What Photographing a Father-Son Hunt Taught Me About Manhood

It was not until the hog bolted, snarling and afraid, that I realized the extent of my vulnerability. According to the plan, the 230-pound pig was to be “bayed” by a small but adept pack of hounds until pit bulls and, later, knife-wielding hunters arrived on the scene. But when humans and dogs and wild pigs endeavor to survive one another, plans can turn to hopeful outlines.

Until that point, I had pursued the melee deep into the wooded banks of the Mississippi River with an irrational belief that, despite the prospect of danger, I had little to fear. But as the boar dashed in my direction, my heartbeat skyrocketed and my hands began to tremble and sweat. I spun around desperately looking for men with knives and grit and experience. Not one was in sight. I saw only Drew Moore, a slender, unarmed, 11-year-old boy. I figured he’d be of little help.

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“What the hell do we do if it comes at us?” I yelled. Drew barked in a tone that implied my question was stupid and the answer obvious: “You better get up a tree!” His cheeks were flushed and his eyes narrowed as he scanned our surroundings. The sounds of the hog drew closer but it remained shrouded in thick brush. I surveyed the available trees; all were thin and virtually limbless. I noticed, though, that Drew had chosen a trunk, and his hand rested loosely on it as he continued to search for signs of the advancing boar.

And then, suddenly, it dashed into view a few feet from us. It was large, muscular—and alarmingly agile. Close behind it came three frenzied hounds, barking and nipping at the animal’s hind legs. If I hadn’t been so scared I would have laughed. It looked like a cartoon fight, a swirling ball of dust with hoof or snout popping out and disappearing again.

The whirlwind flew past, leaving us alone again. I glanced at Drew, who appeared heartily amused to see a man 25 years his senior quaking in his boots. “Can you really get up one of those trees?” I asked as we began to chase after the bedlam. “Mister Pete,” he said, “if a hog’s comin’ at me, I’ll get up a tree a squirrel couldn’t get up.” He hurried his pace and took the lead, ducking branches and thickets, with me stumbling along behind.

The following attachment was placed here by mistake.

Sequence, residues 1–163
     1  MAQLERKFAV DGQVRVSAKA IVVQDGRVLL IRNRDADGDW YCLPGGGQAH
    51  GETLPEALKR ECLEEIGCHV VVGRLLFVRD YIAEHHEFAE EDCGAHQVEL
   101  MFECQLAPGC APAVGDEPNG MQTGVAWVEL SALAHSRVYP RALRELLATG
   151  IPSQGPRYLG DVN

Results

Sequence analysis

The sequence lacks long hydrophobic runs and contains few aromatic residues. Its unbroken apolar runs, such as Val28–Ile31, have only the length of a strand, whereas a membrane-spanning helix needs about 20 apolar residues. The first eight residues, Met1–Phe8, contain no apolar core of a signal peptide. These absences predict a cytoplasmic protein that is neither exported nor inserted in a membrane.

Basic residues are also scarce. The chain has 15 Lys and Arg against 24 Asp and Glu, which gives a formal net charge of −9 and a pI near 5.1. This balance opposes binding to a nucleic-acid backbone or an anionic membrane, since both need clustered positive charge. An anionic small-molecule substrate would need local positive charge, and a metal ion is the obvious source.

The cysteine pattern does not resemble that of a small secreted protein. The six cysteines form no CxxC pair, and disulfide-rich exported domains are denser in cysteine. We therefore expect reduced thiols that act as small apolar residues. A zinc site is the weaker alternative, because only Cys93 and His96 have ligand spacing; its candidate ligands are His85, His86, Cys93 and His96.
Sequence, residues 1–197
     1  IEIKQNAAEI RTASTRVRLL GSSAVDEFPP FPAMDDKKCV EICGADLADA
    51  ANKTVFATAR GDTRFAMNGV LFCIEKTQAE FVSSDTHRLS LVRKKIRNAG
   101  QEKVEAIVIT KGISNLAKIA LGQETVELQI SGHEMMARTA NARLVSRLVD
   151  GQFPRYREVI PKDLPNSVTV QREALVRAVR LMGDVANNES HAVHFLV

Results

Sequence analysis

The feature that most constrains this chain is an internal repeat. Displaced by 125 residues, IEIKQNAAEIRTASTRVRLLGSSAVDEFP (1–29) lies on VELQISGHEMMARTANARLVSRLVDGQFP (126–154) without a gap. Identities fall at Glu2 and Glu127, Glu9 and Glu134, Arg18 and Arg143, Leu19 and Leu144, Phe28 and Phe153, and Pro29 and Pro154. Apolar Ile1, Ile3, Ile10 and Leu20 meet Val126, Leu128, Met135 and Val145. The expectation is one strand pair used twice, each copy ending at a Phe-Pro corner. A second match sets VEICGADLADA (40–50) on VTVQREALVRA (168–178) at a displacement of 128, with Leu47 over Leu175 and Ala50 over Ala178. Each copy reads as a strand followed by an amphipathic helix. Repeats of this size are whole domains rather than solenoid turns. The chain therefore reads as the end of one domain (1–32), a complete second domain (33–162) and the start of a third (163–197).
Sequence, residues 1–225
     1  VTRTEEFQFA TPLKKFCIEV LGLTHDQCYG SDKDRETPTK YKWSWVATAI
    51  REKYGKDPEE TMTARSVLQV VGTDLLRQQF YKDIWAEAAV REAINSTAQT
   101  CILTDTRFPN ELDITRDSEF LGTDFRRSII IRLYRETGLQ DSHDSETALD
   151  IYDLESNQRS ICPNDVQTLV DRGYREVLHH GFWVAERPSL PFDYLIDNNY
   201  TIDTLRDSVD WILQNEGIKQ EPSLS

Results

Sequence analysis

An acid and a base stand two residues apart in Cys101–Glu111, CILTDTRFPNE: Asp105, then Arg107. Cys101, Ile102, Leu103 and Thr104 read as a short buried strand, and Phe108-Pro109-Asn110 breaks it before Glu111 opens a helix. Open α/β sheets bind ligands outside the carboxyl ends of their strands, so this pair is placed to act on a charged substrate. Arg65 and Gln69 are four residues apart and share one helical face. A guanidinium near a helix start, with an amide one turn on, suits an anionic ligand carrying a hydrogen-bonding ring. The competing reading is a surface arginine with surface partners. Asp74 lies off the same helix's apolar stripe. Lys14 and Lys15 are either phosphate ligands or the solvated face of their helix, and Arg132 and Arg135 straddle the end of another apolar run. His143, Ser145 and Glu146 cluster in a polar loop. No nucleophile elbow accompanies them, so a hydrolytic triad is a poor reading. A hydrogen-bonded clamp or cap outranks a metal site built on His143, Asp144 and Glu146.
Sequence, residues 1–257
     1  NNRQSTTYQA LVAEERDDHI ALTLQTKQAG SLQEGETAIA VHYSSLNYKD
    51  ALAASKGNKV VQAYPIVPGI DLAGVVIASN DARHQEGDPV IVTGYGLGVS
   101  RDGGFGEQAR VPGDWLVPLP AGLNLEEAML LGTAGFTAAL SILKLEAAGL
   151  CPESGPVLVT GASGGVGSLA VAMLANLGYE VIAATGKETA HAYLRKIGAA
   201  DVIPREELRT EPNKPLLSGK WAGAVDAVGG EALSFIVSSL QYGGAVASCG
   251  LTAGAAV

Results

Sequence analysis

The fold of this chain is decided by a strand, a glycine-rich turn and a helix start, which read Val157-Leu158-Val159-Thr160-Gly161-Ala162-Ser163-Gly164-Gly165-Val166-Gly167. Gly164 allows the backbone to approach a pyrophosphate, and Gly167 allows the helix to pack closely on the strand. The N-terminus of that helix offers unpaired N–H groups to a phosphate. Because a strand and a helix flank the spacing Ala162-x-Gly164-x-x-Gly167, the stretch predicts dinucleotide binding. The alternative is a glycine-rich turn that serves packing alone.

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With distance and time to reflect on that day, I think about our evolutionary trajectory. We humans were once weaponless—defenseless against larger, faster, stronger predators. Some anthropologists say that our need for food along with our susceptibility to danger gave rise not only to the invention of weapons but to the highly social structures and gender roles of humankind today.

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I traveled to the Mississippi-Arkansas border to participate in an experience that has remained a pillar of masculinity across cultures and places. Throughout history and literature boar hunting has been associated with the most venerable warriors, among them the mythologized Greek chieftains who fought at Troy. Thousands of years later, on the banks of the Mississippi, men of the American South (and now women too, of course) hunt hogs in much the same way as their ancestors did: in small bands, with dogs and knives. Now, as then, they take no more than they need—and all the meat ends up on the family table.

*Text and Photographs by Pete Muller /  National Geographic 

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